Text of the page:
Overall Rating: 9.0
This ending felt very appropriate - the show is in stasis along with Destiny's crew...waiting for a day when it gets the respect it's due from a network run better than Sy Fy and a fan base more patient than a three year old.
The final summary can be found at the Stargate Wiki.
I'll admit that I didn't see their vision during the arduous first season. I regret many of the things I said about this franchise and wish I'd have been more patient. I fear that the show's creators had a brilliant idea that challenged too strongly the optimistic, cooperative spirit that populates the two other Gate franchises. People had a certain expectation for a Stargate series...its' loyal fans wanted to like the characters right away...wanted to see a healthy mix of humor and drama right away...wanted stories that revealed the better parts of human nature immediately, rather than the worst in us. The SGU launch got about as many viewers as the SGA finale...they had a healthy enough starting point to survive much longer than they did. Their demise can be attributed to two problems:
1) Their initial premise was considerably darker than most Gate fans prefer and they spent an entire season setting up a more stable status quo for the major characters. We saw them doing a whole lot of unsavory things (except for Eli) and we saw some truly unpleasant interpersonal squabbles break out amongst the crew. Was this unrealistic? Not even remotely - absolutely, I'd expect people under as much pressure as Destiny's crew to react badly sometimes. Did it require more trust from reviewers like me (and the fans in general) than we had to give? Perhaps. We were warned that this franchise was going to be dark...but we weren't at all prepared for the change in mood.
2) Sy Fy is a crappy fly by night network that has, as its' core market share, science fiction nerds, and its' core mission...to do everything but science fiction. There's a reason they changed their name from sci-fi to sy-fy. They are trying to distance themselves from science fiction, and as a result, they treated SGU *very* poorly. It was on later than most Gates (9 or 10 PM)...it spent more than half its' life getting kicked around to Tuesday and Monday night showtimes rather than its' customary Friday slot - and lord knows it's not because Sy Fy had better shows to put in the Friday at 8 window. And Sy Fy made no effort to promote the show. In fact, they abandoned their contract with Hulu and prevented fans from seeing the show a day or two after it aired, meaning they lost a bunch of viewers after they missed a few episodes and couldn't catch up.
I should have been more patient with SGU...I should have given Wood/Wright/Cooper et al. more credit than I did in my first season reviews. They were building toward something wonderful and that something was only just beginning to be realized in the second season. This was the story of how the better part of human nature can bring together disparate, troubled people in the common cause of their mutual survival and happiness. The ugliness of the first season was necessary...we needed to see how difficult life was for our castaways, and how different they were when they arrived. We needed conflict or all of the wonderful - almost saccharine - chemistry and family spirit that pervaded the final episodes would have meant far less.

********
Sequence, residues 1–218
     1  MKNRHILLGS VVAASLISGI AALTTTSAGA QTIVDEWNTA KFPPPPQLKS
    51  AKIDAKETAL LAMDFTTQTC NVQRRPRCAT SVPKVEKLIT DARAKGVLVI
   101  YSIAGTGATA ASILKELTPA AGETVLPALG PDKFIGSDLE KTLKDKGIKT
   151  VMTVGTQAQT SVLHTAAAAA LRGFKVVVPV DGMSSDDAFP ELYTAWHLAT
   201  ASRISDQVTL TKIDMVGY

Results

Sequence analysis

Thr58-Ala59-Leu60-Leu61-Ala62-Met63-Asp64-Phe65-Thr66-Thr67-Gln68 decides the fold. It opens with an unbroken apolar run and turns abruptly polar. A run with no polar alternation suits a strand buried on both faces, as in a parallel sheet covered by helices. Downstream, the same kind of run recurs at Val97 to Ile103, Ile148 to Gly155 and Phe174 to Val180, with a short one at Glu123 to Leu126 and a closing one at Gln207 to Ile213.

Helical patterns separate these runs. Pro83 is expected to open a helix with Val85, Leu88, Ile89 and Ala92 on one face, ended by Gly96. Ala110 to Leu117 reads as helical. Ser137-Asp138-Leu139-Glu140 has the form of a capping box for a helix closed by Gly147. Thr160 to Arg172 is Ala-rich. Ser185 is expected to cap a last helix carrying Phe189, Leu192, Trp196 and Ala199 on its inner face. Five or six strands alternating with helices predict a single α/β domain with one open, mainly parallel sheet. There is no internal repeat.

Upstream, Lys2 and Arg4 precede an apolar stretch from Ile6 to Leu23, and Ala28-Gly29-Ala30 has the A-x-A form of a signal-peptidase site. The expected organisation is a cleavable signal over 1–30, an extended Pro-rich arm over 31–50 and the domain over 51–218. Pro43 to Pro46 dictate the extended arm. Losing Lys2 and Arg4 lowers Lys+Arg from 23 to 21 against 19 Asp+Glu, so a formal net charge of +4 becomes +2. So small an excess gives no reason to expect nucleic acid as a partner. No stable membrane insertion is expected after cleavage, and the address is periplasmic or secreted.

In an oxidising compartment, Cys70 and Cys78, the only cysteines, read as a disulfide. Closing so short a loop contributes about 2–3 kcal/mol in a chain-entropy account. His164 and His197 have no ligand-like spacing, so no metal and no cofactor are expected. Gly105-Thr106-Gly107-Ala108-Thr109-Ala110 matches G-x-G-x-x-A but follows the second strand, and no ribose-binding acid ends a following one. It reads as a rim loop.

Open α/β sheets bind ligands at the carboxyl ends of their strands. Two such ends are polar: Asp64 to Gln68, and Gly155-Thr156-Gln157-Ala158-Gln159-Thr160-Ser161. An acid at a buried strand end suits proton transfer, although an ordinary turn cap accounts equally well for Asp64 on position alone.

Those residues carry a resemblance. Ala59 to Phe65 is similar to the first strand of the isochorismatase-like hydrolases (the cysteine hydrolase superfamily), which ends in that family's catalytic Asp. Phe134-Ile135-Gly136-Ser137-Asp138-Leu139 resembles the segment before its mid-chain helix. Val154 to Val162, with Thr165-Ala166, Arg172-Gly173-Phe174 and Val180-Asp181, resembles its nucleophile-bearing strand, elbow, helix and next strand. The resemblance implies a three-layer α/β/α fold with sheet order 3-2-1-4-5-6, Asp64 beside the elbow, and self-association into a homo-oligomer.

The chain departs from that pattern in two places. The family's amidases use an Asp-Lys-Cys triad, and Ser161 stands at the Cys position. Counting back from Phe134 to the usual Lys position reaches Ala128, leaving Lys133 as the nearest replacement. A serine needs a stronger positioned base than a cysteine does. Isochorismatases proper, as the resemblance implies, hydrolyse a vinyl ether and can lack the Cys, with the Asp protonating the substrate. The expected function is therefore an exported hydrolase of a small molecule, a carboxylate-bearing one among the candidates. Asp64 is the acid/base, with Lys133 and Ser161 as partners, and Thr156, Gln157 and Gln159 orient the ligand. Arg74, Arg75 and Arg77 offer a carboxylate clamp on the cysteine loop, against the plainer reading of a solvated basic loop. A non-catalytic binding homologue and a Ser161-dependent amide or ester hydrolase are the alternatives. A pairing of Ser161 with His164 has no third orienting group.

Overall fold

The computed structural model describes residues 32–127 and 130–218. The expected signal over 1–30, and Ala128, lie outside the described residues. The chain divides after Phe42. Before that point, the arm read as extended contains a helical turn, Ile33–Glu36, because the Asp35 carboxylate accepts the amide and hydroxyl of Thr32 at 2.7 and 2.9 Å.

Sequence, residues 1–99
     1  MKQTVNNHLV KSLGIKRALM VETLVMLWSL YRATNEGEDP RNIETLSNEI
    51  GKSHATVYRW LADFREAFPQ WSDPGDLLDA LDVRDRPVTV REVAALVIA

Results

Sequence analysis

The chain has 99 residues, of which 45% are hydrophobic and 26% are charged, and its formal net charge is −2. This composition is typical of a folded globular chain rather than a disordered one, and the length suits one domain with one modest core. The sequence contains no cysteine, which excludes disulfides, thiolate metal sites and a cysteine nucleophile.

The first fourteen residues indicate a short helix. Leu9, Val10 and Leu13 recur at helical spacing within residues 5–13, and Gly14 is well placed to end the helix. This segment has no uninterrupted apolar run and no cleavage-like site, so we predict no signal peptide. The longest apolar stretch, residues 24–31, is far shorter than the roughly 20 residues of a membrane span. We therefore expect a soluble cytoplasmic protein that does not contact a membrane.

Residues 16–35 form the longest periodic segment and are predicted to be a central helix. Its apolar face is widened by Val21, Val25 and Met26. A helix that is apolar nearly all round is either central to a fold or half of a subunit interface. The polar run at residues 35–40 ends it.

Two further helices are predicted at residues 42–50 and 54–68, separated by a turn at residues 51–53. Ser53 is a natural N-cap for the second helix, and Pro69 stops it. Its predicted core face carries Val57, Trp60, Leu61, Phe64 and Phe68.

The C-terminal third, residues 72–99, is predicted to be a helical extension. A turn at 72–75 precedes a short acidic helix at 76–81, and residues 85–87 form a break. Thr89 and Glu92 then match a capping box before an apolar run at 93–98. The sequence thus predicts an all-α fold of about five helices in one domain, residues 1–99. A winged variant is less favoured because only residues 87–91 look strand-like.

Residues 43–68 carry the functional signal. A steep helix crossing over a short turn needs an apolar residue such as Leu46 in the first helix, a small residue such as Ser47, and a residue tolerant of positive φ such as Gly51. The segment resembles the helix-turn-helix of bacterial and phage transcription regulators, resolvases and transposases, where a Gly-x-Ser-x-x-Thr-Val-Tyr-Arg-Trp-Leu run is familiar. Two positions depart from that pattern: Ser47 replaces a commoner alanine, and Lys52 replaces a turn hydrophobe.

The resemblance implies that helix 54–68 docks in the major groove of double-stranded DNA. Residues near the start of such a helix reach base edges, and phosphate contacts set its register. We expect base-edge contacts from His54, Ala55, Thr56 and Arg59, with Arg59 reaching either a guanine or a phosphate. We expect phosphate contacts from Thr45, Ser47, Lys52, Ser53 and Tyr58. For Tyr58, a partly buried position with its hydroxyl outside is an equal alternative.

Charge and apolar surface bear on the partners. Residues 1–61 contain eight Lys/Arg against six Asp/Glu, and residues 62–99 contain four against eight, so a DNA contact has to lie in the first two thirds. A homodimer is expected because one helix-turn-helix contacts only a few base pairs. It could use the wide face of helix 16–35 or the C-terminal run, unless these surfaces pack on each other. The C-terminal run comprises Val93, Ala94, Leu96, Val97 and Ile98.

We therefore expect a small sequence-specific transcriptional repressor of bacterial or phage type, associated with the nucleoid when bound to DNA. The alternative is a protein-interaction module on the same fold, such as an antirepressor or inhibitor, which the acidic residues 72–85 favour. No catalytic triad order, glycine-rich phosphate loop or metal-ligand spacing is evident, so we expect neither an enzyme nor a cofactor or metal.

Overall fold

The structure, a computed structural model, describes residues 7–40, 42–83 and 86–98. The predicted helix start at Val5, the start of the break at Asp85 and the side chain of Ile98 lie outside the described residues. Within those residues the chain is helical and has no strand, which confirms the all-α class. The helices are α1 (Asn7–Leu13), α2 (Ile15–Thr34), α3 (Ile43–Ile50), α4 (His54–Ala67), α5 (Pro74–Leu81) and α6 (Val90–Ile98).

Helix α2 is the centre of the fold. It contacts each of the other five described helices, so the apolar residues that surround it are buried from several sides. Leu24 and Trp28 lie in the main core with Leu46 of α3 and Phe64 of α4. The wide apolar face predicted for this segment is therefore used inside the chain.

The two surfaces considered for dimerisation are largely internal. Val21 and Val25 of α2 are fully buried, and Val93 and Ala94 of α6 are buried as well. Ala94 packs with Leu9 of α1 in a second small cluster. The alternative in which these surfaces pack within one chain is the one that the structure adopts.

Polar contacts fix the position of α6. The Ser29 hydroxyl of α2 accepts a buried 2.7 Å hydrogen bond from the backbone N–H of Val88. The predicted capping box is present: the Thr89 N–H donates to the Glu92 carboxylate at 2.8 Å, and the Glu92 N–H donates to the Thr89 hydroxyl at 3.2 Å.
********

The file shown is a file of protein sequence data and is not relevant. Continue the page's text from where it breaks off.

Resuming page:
In this final episode, the writers managed to pay tribute to both the sacrifices/hardships Destiny's crew has had to make and the deep, familial bonds they've formed with each other and with their loved ones on Earth. We've seen Eli go from a lost, albeit genuine, slacker to a capable, confident grown man. We've seen Rush go from a selfish, depressed, hopeless loner to a mentor and even to a friend for some among the crew. We've seen Chloe go from a shallow, spoiled little girl to a commitment-minded and passionate woman. There was real character growth here...and they were just beginning.
But the show ended, not with a half-hearted conclusion or a cliff-hanger never to be resolved, but with the persistent whisper of hope and joy and love that now fills the enormous heart of Eli Wallace. In the darkened halls of Destiny, our heroes - and these ones truly have earned that title, given all they've been through - wait for the day when their stories can be told again and the currently dwindling crowd of onlookers can be reborn. This epic tale is not over with an incomplete "thud", nor out with a whimper...it's in the air of our baited breath...and the echoes of hyperspace on the horizon.
The action plot was nothing that hasn't been done before in Gate...they did manage to take out two command ships, which was fun to watch...and get one more trip through the Stargate, which seems fitting...but beyond that, the strength of this script was in the crew's discussions over who might have to sacrifice themselves to save the rest...in the strength of Young's final toast...and in the honest little character vignettes that filled the gaps between the battles.
A final nod to an outstanding cast. Even Ming-Na, who has never impressed me on this show, was starting to win me over before the end. This truly was an ensemble show with a very deep bench, to use a baseball aphorism.
Everyone, from Rush to Young to Eli to Chloe...took the time to emphasize that their lives weren't about a destination anymore (home to Earth, or to some unknown final point of knowledge), but about the journey. That is what this franchise has come to symbolize for me...I have a feeling it's going to spawn a ton of fan fiction...I just hope the authors keep that in mind.